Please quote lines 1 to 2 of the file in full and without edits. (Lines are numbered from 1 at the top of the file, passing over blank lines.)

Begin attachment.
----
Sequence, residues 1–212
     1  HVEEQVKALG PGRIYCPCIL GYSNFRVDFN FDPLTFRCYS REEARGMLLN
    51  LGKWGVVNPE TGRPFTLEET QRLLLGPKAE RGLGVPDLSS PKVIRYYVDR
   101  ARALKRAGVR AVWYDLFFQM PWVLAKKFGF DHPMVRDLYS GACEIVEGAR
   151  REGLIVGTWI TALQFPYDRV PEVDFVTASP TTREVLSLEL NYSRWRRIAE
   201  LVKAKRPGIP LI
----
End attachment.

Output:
Sequence, residues 1–212
     1  HVEEQVKALG PGRIYCPCIL GYSNFRVDFN FDPLTFRCYS REEARGMLLN